Turkish intellectuals issue apology to Armenians for 'Great Catastrophe'





ANKARA, Turkey — A group of about 200 Turkish intellectuals on Monday issued an apology on the Internet for the World War I-era massacres of Armenians in Turkey.

The group of prominent academics, journalists, writers and artists avoided using the contentious term "genocide" in the apology, using the less explosive "Great Catastrophe" instead.

"My conscience does not accept that (we) remain insensitive toward and deny the Great Catastrophe that the Ottoman Armenians were subjected in 1915," read the apology. "I reject this injustice, share in the feelings and pain of my Armenian brothers, and apologize to them."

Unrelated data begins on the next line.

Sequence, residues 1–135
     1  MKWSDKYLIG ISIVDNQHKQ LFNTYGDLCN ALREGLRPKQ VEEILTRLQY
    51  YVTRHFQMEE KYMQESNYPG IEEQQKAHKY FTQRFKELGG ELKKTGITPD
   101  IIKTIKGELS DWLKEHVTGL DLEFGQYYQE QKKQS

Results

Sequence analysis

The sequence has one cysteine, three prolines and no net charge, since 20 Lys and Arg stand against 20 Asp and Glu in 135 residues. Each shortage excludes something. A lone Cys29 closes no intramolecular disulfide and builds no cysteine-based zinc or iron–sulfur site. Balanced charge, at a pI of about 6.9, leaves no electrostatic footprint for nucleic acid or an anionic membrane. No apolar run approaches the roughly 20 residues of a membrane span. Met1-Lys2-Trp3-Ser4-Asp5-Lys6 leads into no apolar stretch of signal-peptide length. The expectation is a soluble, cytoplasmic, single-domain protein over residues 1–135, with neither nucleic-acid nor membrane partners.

The apology is a sign that many in Turkey are ready to break a long-held taboo against acknowledging Turkish culpability for the deaths.

Historians estimate that, in the last days of the Ottoman Empire, up to 1.5 million Armenians were killed by Ottoman Turks in what is widely regarded as the first genocide of the 20th century. Armenians have long pushed for the deaths to be recognized as genocide.

While Turkey does not deny that many died in that era, the country has rejected the term genocide, saying the death toll is inflated and the deaths resulted from civil unrest during the Ottoman Empire's collapse.


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